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Lamphun (Thai: ลำพูน, pronounced [lām.pʰūːn]) is one of the northern provinces (changwat) of Thailand. Neighboring provinces are (from north clockwise) Chiang Mai, Lampang, and Tak.

Lamphun
ลำพูน
Province
Official seal of Lamphun
Seal
Map of Thailand highlighting Lamphun Province
Map of Thailand highlighting Lamphun Province
Country Thailand
Capital Lamphun town
Government
 • Governor Wirachai Phuphiangchai (since October 2016)
Area
 • Total 4,506 km2 (1,740 sq mi)
Area rank Ranked 49th
Population (2014)
 • Total 405,468[1]
 • Rank Ranked 60th
 • Density rank Ranked 48th
HDI
 • HDI (2009) 0.729 (medium) (43rd)
Time zone ICT (UTC+7)
Area code(s) 053
ISO 3166 code TH-51
Vehicle registration ลำพูน

Contents

GeographyEdit

Lamphun is in the Ping River valley. It is surrounded by mountain chains, with the Thanon Thong Chai Range in the west and the Khun Tan Range in the east of the province. It is some 670 kilometres from Bangkok and 26 kilometres from Chiang Mai.

HistoryEdit

Under its old name of Haripunchai, Lamphun was the northernmost city of the Mon kingdom of the Dvaravati period,[2] and also the last to fall to the Thai. In the late-12th century it came under siege from the Khmer, but did not fall. However, in 1281 King Mengrai of Lanna finally seized the city, and made it part of his kingdom. After Burmese expansion in the 16th century, Lamphun was under Burmese rule for two centuries. In the 18th century, with the rise of Thonburi and Bangkok against Burmese rule, local leaders from Lampang agreed to be their allies. Lamphun was finally freed from the Burmese and ruled by relatives of Lampang's leader, gaining vassal status from Bangkok. Eventually, after the administrative reform of Bangkok government in the late-19th century, Lamphun became part, as a province, of Siam.[3]

SymbolsEdit

 
The viharn and golden chedi of Wat Phra That Hariphunchai

The provincial seal shows the temple Wat Phra That Haripunchai, which was already the main temple of the city Lamphun during Mon times. The gold-covered chedi is said to contain a relic of Buddha.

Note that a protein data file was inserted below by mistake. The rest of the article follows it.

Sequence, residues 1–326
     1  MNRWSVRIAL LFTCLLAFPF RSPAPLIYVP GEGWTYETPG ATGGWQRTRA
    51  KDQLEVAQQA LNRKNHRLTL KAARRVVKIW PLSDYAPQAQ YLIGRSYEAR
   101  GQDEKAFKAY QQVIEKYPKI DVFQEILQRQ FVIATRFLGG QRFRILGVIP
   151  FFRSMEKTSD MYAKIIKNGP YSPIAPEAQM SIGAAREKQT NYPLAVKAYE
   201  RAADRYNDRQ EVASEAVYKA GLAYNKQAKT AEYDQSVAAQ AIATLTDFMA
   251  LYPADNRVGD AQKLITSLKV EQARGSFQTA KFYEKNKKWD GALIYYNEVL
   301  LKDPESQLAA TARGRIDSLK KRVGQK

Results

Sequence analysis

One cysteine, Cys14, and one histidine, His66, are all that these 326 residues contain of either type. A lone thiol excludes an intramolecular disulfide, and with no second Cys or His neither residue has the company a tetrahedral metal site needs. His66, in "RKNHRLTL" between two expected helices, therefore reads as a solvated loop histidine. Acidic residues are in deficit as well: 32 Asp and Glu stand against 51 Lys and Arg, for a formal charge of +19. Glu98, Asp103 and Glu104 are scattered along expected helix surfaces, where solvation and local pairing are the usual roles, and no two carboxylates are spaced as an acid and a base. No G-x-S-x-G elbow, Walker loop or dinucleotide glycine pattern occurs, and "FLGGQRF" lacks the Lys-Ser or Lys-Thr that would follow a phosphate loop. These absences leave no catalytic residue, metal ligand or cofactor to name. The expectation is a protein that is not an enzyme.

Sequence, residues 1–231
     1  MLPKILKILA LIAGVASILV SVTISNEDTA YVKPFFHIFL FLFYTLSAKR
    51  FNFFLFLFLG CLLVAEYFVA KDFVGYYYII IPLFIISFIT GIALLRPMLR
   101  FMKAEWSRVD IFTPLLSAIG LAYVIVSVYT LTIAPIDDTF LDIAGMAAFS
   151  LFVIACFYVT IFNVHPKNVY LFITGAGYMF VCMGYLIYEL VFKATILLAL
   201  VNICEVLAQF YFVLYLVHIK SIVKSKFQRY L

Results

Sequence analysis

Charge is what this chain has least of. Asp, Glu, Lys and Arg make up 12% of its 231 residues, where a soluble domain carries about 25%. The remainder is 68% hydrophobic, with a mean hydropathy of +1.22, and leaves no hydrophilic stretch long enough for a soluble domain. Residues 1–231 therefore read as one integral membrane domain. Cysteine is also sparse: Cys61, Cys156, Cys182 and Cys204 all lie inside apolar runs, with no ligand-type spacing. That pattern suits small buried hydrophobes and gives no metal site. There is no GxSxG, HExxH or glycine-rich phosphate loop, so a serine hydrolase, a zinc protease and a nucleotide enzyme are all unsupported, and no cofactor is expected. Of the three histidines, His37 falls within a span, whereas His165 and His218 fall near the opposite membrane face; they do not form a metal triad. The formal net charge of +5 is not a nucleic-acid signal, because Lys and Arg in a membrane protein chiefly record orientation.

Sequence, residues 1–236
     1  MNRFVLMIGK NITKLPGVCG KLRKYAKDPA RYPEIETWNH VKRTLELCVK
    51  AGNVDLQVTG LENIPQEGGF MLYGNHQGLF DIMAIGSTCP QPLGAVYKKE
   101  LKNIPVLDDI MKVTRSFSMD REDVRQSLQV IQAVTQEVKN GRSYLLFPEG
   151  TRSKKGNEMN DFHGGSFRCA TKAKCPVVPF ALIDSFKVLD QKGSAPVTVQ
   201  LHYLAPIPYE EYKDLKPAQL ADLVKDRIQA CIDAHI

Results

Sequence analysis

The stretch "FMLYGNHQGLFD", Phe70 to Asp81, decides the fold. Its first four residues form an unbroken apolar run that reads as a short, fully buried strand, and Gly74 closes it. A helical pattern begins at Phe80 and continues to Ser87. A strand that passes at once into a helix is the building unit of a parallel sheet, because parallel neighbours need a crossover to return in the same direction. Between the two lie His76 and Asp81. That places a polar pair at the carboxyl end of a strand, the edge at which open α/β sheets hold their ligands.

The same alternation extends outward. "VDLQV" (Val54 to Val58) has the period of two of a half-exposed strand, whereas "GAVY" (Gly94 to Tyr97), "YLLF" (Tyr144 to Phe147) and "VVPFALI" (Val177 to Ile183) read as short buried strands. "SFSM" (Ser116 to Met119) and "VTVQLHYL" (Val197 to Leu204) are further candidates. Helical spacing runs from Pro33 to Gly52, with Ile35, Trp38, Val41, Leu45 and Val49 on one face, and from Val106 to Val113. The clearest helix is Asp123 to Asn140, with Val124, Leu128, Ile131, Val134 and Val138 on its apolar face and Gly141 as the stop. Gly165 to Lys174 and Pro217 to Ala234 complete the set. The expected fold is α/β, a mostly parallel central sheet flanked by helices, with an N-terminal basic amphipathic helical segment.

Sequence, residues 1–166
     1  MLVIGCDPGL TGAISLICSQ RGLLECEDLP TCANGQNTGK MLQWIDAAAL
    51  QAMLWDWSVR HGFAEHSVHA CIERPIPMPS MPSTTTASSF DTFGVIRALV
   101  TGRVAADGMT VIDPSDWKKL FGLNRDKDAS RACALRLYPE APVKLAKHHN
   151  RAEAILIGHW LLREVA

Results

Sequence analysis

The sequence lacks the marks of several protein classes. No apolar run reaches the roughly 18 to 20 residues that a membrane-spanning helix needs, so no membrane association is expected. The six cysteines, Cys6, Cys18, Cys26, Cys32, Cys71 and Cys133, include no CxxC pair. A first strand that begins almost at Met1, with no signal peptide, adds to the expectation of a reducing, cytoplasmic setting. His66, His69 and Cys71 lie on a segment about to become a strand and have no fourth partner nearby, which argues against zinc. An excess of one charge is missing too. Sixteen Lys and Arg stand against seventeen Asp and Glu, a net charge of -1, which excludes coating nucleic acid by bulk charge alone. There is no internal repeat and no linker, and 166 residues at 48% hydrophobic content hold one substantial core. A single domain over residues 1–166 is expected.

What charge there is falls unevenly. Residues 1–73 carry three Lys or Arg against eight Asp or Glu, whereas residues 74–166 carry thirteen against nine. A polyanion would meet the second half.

The provincial flower is the Flame of the Forest (Butea monosperma), and the provincial tree is the Rain Tree (Samanea saman).

Administrative divisionsEdit

The province is divided into eight districts (amphoe). These are further subdivided into 51 sub-districts (tambon) and 551 villages (muban).

Municipal (thesaban) areas in the province are the town (thesaban mueang) Lamphun and 12 townships (thesaban tambon). The non-municipal area is administered by 45 tambon administrative arganizations (TAO) and two tambon councils.

For national elections the province is divided into three constituencies. Constituency 1 covers the Mueang District except Tambon Makhuea Chae, constituency 2 the districts Pa Sang, Mae Tha, and Tambon Makhuea Chae of Mueang District, and constituency 3 the districts Ban Hong, Thung Hua Chang, and Li.

 
The Dvaravati-style chedi of Wat Phra That Hariphunchai

TransportEdit

FoodEdit

  • Kaeng khae, a spicy curry consisting mainly of vegetables with chicken, frog, fish or snails.[4]

ReferencesEdit

  1. ^ "Population of the Kingdom" (PDF). Department of Provincial Affairs (DOPA) Thailand (in Thai). 2014-12-31. Retrieved 19 Mar 2015. 
  2. ^ "Historic Lamphun: Capital of the Mon Kingdom of Haripunchai", in: Forbes, Andrew, and Henley, David, Ancient Chiang Mai Volume 4. Chiang Mai, Cognoscenti Books, 2012. ASIN: B006J541LE
  3. ^ "Archived copy". Archived from the original on 2007-01-29. Retrieved 2008-07-20. 
  4. ^ Lamphun food : Kaeng Khae Kai

External linksEdit